Meet John, a supermarket manager who is married with three school-age children and takes home a comfortably large paycheck. Sure he has some credit card debts and a couple of car loans, but he never misses a payment and assumes that getting a mortgage for a new home should be a piece of cake.
Then comes the bad news. After visiting several banks with a fat folder of financial documents, John is told he’s above the 43% Rule and can’t borrow the money.
It’s a ratio of debt-to-income, and a crucial standard for deciding who qualifies for a loan and who doesn’t.
In reviewing loan applications, lenders compute the ratio of a person’s debt relative to income. The standard for qualifying for a home loan is 43 percent, though it might vary a bit from lender to lender. If monthly debt payments exceed 43 percent of calculated income, the person is unlikely to qualify, even if he or she pays all their bills on time.
For other types of loans – debt consolidation loans, for example — a ratio needs to fall between 36 and 49 percent. Above that, qualifying for a conventional loan is unlikely.
The debt-to-income ratio surprises a lot of loan applicants who always thought of themselves as good money managers. Whether they want to buy a house, finance a car or consolidate debts, the ratio determines whether they’ll be able to find a lender.
Your debt-to-income ratio compares the amount of your debt (excluding your mortgage or rent payment) to your income. The ratio is best figured on a monthly basis. For example, if your monthly take-home pay is $2,000 and you pay $400 per month in debt payment for loans and credit cards, your debt-to-income ratio is 20 percent ($400 divided by $2,000 = .20).
Put another way, the ratio is a percent of your income that is pre-promised to debt payments. If your ratio is 40%, that means you have pre-promised 40% of your future income to pay debts.
So the trick for many would-be-borrowers is a budget before they go shopping for a loan. Lowering a debt-to-income ratio can be the difference between a dream fulfilled and rejection.
Calculating your debt-to-income ratio in easy 4 steps:
The goal is 43% or less, and lenders often recommend taking remedial steps if your ratio exceeds 36%. There are two options to improving your debt-to-income ratio:
Neither one is easy for many people, but there are strategies to consider that might work for you.
For most people, attacking debt is the easier of the two solutions. Start off by making a list of everything you owe. The list should include credit-card debts, car loans, mortgage- and home-equity loans, homeowners’ association fees, property taxes and expenses like internet, cable and gym memberships. Add it all up.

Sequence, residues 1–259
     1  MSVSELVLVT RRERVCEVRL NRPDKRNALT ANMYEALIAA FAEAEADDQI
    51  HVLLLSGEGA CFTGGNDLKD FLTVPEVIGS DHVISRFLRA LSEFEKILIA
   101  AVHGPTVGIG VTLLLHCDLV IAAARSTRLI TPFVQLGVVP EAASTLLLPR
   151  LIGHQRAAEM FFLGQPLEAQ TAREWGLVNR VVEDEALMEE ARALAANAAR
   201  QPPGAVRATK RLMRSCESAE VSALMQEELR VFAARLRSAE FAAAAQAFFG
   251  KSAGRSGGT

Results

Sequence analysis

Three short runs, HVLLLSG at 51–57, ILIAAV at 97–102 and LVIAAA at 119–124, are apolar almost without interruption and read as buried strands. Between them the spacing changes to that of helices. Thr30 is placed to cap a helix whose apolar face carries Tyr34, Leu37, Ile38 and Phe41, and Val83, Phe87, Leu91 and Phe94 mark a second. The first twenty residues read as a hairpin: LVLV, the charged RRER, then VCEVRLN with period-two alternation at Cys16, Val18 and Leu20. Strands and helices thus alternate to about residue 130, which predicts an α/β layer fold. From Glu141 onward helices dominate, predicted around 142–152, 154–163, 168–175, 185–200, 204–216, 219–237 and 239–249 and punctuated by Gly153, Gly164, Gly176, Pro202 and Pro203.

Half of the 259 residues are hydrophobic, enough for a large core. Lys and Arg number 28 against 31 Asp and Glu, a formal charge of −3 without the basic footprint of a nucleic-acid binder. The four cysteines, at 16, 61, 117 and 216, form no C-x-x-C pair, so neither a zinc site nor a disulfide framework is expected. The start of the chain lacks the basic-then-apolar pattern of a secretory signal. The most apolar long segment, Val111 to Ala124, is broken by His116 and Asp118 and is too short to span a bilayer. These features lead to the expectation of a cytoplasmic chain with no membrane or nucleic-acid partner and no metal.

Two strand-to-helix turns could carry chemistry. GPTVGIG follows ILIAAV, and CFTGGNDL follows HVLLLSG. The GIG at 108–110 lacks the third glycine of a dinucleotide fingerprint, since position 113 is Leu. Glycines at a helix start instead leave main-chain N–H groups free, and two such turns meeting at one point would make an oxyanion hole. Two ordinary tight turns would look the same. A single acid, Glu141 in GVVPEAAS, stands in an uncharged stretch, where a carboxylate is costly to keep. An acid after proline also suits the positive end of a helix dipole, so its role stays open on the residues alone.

Then look at your monthly payments. Are any of them larger than they need to be? How much interest are you paying on the credit cards, for instance. Consider consolidating debt: moving high-interest credit card balances to lower interest ones. Many card companies actually offer incentives, like no-interest grace periods on transfers, so explore the options.
Remember that improving your DTI ratio is based on debt payments, and not debt balances. You can lower your debt payments by finding a debt solution with lower interest rates or a longer payment schedule. Lowering your monthly debt payments can help you improve your ratio and qualify for a loan.
Other alternatives to consider to lower your expenses and pay off debt:
Most important, make a realistic budget designed to lower your debt and stick with it. Once a month, recalculate your loan-to-income ratio and see how fast it falls under 43%.
Improving the income side always is more difficult because it requires the one thing no one has enough of – time. Finding a night-time or weekend job that produces even a couple of hundred dollars could be the difference maker in getting your debt-to-income ratio below 43%.
Finding a combination of the two – part-time job, plus reducing expenses – is the ultimate solution and might even bring your debt-to-income ratio down below the 36% level that lenders are anxious to do business with.
Keeping track of your debt-to-income ratio can help you avoid “creeping indebtedness,” or the gradual rising of debt. Impulse buying and routine use of credit cards for small, daily purchases can easily result in unmanageable debt. By monitoring your debt-to-income ratio, you can:
Creditors look at your debt-to-income ratio to determine whether you’re creditworthy. Letting your ratio rise above 20 percent may:
Debt-to-income ratios are powerful indicators of creditworthiness and financial condition. Know your ratio and keep it low.
The lower your debt-to-income ratio, the better your financial condition. You’re probably doing OK if your debt-to-income ratio is lower than 19%. Though each situation is different, a ratio of 20% or higher is a sign of a credit crisis. As your debt payments decrease over time, you will spend less of your take home pay on interest, freeing up money for other budget priorities, including savings.
Irby, L. (2016, June 8). How to Lower Your Debt-to-Income Ratio. Retrieved from: http://credit.about.com/od/reducingdebt/qt/lowerdebtratio.htm
Schreiner, E. (ND) How to Lower Your Debt Ratio. Retrieved from: http://budgeting.thenest.com/lower-debt-ratio-3921.html
Emisar, O. (2011, September 8) 10 Tips for Improving Your Debt to Income Ratio. Bright Hub. Retrieved from: http://www.brighthub.com/money/personal-finance/articles/121853.aspx
NA, ND. Understanding Your Debt-to-Income Ratio. Retrieved from: https://www.bankofamerica.com/credit-cards/education/what-is-debt-to-income-ratio.go